Home > Research > Publications & Outputs > Phosphorus management at the watershed scale
View graph of relations

Phosphorus management at the watershed scale: a modification of the phosphorus index

Research output: Contribution to journalJournal article

Published

Standard

Phosphorus management at the watershed scale : a modification of the phosphorus index. / Gburek, W. J.; Sharpley, A. N.; Heathwaite, L.; Folmar, G. J.

In: Journal of Environmental Quality, Vol. 29, No. 1, 2000, p. 130-144.

Research output: Contribution to journalJournal article

Harvard

Gburek, WJ, Sharpley, AN, Heathwaite, L & Folmar, GJ 2000, 'Phosphorus management at the watershed scale: a modification of the phosphorus index', Journal of Environmental Quality, vol. 29, no. 1, pp. 130-144.

APA

Gburek, W. J., Sharpley, A. N., Heathwaite, L., & Folmar, G. J. (2000). Phosphorus management at the watershed scale: a modification of the phosphorus index. Journal of Environmental Quality, 29(1), 130-144.

Vancouver

Gburek WJ, Sharpley AN, Heathwaite L, Folmar GJ. Phosphorus management at the watershed scale: a modification of the phosphorus index. Journal of Environmental Quality. 2000;29(1):130-144.

Author

Gburek, W. J. ; Sharpley, A. N. ; Heathwaite, L. ; Folmar, G. J. / Phosphorus management at the watershed scale : a modification of the phosphorus index. In: Journal of Environmental Quality. 2000 ; Vol. 29, No. 1. pp. 130-144.

Bibtex

@article{6a4dfa911c2e41969b04f56e14418883,
title = "Phosphorus management at the watershed scale: a modification of the phosphorus index",
abstract = "We considered hydrologic and chemical factors controlling P export from a 39.5-ha mixed land use watershed in east-central Pennsylvania, focusing our evaluation on watershed vulnerability to P loss. The spatial variations of P source factors, soil P, and P inputs from fertilizer and manure were evaluated. Distribution of Mehlich-3 soil P on a 30-m grid over the watershed showed that soil P varied with land use. Soils in wooded areas had low Mehlich-3 P (<30 mg kg−1); grazed pasture had Mehlich-3 P values between 100 and 200 mg kg−1; and cropped fields receiving manure and fertilizer applications were mostly >200 mg kg−1. Phosphorus sources and transport controls on P loss were evaluated by examining in-stream P concentrations during storm hydrographs. Phosphorus concentrations decreased 50{\%} downstream from headwaters to watershed outlet, and were more closely related to near-stream (within 60 m) distribution of high-P soils than to that of the whole watershed. This suggests that near-stream surface runoff and soil P are controlling P export from the watershed. Based on these findings, we modified the Phosphorus Index (PI), a user-oriented tool developed by the NRCS-USDA to identify critical source areas controlling P export from agricultural watersheds. The modification separately evaluates P source and transport factors, and incorporates the hydrologic return period to describe contributing areas. The modified PI was applied to the watershed to illustrate interactions between P source and transport processes controlling P export, and approaches for managing P loss.",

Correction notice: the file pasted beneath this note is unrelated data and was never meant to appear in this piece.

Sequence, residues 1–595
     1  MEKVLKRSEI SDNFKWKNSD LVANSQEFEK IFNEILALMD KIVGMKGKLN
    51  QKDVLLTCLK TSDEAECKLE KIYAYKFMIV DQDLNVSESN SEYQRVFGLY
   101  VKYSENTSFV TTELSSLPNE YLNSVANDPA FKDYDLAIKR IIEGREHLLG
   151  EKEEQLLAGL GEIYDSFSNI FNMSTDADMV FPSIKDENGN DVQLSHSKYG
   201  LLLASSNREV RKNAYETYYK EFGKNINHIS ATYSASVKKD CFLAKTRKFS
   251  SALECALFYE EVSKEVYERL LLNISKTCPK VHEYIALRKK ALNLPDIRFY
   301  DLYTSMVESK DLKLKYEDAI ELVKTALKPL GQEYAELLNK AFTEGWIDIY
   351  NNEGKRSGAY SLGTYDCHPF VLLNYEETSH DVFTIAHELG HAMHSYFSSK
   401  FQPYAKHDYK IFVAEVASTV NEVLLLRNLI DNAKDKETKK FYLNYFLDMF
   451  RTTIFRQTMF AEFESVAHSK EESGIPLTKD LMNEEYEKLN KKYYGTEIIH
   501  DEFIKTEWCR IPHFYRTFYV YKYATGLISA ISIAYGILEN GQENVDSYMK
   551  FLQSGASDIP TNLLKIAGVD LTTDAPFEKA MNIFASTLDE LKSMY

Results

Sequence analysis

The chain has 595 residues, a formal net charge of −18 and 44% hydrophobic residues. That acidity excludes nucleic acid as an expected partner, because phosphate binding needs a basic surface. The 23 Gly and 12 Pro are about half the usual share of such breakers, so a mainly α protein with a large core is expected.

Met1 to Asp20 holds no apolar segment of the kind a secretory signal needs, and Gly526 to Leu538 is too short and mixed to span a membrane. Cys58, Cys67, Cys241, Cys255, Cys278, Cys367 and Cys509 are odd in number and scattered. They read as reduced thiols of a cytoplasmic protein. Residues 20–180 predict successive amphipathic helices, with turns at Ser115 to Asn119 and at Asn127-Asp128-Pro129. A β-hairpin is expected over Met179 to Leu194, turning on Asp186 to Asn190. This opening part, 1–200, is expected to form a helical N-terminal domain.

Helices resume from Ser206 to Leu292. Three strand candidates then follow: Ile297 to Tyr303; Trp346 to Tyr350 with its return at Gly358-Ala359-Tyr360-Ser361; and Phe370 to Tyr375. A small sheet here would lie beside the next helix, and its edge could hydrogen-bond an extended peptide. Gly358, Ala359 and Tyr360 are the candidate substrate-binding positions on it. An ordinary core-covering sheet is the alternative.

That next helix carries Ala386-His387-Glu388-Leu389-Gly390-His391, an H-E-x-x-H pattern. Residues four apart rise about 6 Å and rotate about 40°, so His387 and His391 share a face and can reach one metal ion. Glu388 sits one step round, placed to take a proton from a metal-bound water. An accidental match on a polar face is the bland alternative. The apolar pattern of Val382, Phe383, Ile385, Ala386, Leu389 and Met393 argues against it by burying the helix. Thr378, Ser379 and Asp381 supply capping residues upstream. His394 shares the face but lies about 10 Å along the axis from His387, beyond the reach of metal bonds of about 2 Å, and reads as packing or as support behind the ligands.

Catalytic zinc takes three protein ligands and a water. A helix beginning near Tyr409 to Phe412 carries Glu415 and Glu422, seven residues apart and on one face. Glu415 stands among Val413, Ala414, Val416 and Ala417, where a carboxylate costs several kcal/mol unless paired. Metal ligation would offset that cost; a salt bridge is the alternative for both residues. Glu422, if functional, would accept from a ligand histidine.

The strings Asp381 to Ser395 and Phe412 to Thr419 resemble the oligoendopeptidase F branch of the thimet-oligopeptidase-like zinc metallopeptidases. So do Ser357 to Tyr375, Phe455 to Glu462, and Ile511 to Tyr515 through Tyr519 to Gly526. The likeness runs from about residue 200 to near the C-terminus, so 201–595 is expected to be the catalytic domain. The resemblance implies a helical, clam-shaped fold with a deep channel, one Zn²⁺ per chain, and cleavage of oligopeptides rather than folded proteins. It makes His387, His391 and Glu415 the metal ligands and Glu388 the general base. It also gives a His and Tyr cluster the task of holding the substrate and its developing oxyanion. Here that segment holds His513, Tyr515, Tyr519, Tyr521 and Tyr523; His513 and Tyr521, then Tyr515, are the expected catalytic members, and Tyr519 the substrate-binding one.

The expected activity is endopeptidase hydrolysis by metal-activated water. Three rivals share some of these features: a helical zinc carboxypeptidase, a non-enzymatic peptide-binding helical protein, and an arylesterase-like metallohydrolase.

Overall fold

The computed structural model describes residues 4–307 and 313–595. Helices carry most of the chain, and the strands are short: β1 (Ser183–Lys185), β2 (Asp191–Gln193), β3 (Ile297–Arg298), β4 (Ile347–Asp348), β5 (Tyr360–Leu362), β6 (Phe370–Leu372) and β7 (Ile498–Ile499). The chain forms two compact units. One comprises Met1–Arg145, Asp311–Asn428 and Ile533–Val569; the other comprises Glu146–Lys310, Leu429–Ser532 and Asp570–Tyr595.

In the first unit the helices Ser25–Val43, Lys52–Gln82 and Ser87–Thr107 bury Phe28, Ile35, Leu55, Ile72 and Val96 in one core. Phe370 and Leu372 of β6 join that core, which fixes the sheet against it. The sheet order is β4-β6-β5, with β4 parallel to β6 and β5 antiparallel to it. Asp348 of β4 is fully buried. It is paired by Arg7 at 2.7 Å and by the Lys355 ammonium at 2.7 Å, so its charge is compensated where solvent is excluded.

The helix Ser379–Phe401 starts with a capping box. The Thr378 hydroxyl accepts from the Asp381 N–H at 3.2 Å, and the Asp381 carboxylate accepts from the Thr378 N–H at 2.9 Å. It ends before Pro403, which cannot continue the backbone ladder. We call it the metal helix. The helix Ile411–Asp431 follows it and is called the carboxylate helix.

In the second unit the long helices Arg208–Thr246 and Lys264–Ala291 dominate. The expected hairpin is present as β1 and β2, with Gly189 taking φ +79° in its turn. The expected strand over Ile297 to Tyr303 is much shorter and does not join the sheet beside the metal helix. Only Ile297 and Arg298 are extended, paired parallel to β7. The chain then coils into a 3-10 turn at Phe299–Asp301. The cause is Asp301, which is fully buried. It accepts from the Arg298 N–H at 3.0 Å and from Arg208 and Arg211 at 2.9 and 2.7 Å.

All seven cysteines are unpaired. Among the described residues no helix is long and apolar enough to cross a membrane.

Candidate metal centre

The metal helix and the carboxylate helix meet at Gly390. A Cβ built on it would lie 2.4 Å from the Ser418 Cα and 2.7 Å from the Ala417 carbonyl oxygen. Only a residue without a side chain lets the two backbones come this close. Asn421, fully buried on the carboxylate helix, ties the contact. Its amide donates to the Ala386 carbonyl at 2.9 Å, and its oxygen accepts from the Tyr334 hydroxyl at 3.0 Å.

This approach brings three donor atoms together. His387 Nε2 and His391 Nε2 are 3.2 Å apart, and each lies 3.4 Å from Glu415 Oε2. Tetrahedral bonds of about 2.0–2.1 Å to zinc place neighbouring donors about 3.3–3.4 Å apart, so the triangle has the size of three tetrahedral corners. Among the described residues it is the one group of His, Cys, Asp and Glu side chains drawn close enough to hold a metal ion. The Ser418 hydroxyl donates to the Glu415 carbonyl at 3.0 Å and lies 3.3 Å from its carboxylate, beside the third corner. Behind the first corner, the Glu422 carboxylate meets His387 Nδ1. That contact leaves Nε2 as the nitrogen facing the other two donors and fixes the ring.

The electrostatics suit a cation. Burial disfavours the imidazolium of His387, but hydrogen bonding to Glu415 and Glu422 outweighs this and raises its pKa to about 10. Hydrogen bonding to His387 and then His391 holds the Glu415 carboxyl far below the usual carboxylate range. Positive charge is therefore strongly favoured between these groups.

author = "Gburek, {W. J.} and Sharpley, {A. N.} and L. Heathwaite and Folmar, {G. J.}",
note = "Phosphorus management at the watershed scale: A modification of the phosphorus index 186 cites: http://scholar.google.com/scholar?num=100&hl=en&lr=&cites=14991131224690039215",
year = "2000",
language = "English",
volume = "29",
pages = "130--144",
journal = "Journal of Environmental Quality",
issn = "0047-2425",
publisher = "ASA/CSSA/SSSA",
number = "1",

}

RIS

TY - JOUR

T1 - Phosphorus management at the watershed scale